The Teach For Australia Community Gala was held at Melbourne Town Hall on July 14, 2018. Organised by Teach For Australia Alumni making up the Gala Committee: Brianna Witte (cohort 2016), Ying Qin (Cohort 2016), Vincent Chiang (Cohort 2016), and Christopher Weinberg (Cohort 2014).
Teach For Australia is not just a teacher development program; it is a national movement, striving to eradicate educational disadvantage, one of the most complex and far-reaching problems in modern society. A movement is a community. It is a group of likeminded individuals – teachers, policymakers, school leaders, and literally anyone who believes that all children should have a fair go at doing well in schooling – working together, towards a common purpose.
And likeminded individuals like to party together.
This year, Teach For Australia hosted a Community Gala, a dinner bringing together members of the Teach For Australia community from all across the country. Hosted in the stunning Melbourne Town Hall, the event was attended by over 150 people, including representatives from 8 separate cohorts of Teach For Australia Associates. The Gala was an opportunity for old friends to reunite; for new friends to meet one another for the first time; and for there to be a celebration of the work that Teach For Australia has done, across the last decade, in order to address educational disadvantage. It was a big night.
The evening began at 7:30pm, with canapés and drinks being served to early arrivals. At this point, guests were also greeted by the presence of raffle tickets and silent auction items, which would be sold and bid upon throughout the night. This was, fittingly for the night, to serve a greater purpose. All funds raised at the Teach For Australia Gala would contribute towards the Teach For Australia Community Fund, which can be accessed in order to support expenditure for educational resources and projects at disadvantaged schools. There was also a trivia sheet on every table, with the highest scoring table to receive a cheese board at the end of the evening. As people began to settle in and sit down, there were arguments over who was awarded the 2017 Nobel Prize in Literature, and what the musical genre R&B actually stands for.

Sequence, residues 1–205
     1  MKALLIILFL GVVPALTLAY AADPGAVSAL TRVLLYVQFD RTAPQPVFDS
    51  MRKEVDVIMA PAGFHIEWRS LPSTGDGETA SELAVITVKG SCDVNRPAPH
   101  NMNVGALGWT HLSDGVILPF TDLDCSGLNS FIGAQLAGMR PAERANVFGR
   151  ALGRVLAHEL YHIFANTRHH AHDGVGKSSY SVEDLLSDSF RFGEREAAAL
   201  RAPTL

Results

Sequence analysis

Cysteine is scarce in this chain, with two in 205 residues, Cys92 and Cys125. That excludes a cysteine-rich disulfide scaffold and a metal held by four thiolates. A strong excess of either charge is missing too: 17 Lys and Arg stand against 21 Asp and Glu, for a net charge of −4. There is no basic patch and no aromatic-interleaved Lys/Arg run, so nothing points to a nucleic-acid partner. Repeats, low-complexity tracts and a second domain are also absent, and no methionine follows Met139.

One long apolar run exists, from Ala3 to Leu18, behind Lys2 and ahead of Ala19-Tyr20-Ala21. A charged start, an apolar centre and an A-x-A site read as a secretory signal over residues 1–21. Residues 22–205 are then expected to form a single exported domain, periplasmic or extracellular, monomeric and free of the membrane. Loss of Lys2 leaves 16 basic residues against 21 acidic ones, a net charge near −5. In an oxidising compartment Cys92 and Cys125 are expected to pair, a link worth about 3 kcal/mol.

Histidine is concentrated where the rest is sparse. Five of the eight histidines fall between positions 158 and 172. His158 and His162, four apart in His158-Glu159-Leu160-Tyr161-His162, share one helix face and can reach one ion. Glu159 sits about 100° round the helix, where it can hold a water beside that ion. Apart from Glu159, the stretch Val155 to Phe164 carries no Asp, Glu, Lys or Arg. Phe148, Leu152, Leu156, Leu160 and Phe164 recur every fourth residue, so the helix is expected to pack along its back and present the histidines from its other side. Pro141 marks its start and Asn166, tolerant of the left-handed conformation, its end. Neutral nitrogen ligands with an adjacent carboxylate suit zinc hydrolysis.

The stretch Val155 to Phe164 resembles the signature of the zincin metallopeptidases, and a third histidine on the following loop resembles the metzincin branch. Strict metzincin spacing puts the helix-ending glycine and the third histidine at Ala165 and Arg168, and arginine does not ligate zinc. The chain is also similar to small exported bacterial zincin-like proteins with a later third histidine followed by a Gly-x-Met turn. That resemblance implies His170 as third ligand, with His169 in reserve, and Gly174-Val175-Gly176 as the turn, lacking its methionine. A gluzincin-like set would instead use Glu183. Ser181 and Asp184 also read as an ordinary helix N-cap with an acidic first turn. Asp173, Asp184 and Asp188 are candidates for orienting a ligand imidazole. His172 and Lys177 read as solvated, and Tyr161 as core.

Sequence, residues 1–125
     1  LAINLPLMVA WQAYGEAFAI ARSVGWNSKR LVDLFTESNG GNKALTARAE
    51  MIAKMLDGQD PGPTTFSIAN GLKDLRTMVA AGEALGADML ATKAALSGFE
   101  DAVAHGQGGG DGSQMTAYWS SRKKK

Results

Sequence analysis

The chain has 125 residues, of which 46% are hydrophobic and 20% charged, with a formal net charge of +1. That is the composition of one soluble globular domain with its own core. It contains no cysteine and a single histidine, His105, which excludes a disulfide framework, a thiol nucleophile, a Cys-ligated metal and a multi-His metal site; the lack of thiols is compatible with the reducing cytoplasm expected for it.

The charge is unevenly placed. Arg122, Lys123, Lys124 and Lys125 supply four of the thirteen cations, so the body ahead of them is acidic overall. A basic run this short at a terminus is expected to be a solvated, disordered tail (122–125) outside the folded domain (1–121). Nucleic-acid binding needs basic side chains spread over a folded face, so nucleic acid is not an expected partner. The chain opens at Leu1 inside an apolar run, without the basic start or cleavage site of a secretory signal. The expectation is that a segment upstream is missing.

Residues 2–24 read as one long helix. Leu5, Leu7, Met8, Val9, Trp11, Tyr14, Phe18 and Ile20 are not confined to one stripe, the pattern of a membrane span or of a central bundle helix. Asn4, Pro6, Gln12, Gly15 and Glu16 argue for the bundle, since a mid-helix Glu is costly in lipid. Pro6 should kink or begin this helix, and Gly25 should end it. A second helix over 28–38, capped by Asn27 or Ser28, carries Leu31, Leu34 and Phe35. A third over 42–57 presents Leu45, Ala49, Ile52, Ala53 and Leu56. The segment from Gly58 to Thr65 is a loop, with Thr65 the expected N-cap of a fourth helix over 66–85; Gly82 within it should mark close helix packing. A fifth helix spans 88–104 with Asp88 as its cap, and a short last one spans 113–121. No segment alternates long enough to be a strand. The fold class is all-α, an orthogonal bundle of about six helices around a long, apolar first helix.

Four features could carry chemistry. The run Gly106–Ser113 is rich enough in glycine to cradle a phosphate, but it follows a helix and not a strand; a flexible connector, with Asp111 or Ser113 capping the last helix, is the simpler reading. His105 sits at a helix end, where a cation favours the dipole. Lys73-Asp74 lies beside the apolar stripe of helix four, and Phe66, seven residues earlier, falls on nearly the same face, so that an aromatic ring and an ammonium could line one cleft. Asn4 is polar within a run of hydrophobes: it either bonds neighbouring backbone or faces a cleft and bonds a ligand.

But the evening really began at 8pm, when Melodie Potts Rosevear, the CEO of Teach For Australia began to speak. Melodie delivered a short but sweet message to the audience, commenting on how wonderful it was that there had now been 674 Associate placements at 156 partner schools. Just to prove this point, Melodie’s speech was followed by a trio of speakers from Mill Park Secondary College, who all reflected upon the impact Teach For Australia had made in their school. Mill Park Secondary College has been a partner school with Teach For Australia since 2010, since the organisation’s inception.
Opening these addresses was Colin Burke, the Campus Principal, who spoke about the impact his own teachers had had, particularly with reference to his success as a school debater. Stacey Main (Cohort 2016) followed, and she spoke about her challenging, but nevertheless rewarding experiences in the classroom. It was the third speaker, however, who really captured both the spirit of the evening and the hearts of the audience: Ekaterina Terolli, the school Vice-Captain, spoke with great maturity and tenderness. In her speech, she acknowledged the extent to which her many teachers – including multiple Teach For Australia Associates – had truly inspired her and shaped her into the person she was today. It was, to put it simply, a poignant moment, that reminded everyone in the room why the Teach For Australia mission was so important.
After the speeches, there was much dining, discussing, and at 9:30pm, dancing. Clearly, people were having an enjoyable evening, because when the venue closed at 11pm, there was a stampede in the direction of the afterparty venue. Reflecting back on it all, however, I would say this likely wasn’t a product of the food or drink. It wasn’t even a product of the excellent music. What made the evening so special, and what allowed it to last so long, were the connections that it had facilitated – the connections which, the morning after, would drive further change, for schools, for students, and ultimately, for Australia.
—Vincent Chiang, Cohort 2016